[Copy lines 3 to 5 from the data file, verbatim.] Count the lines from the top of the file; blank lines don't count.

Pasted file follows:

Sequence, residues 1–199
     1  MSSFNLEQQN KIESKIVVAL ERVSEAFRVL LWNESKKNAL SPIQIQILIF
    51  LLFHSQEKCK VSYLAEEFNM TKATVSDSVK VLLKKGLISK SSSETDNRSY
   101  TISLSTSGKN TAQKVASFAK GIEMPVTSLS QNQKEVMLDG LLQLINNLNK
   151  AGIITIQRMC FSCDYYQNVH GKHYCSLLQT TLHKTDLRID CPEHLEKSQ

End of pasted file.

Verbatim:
    51  LLFHSQEKCK VSYLAEEFNM TKATVSDSVK VLLKKGLISK SSSETDNRSY
   101  TISLSTSGKN TAQKVASFAK GIEMPVTSLS QNQKEVMLDG LLQLINNLNK
   151  AGIITIQRMC FSCDYYQNVH GKHYCSLLQT TLHKTDLRID CPEHLEKSQ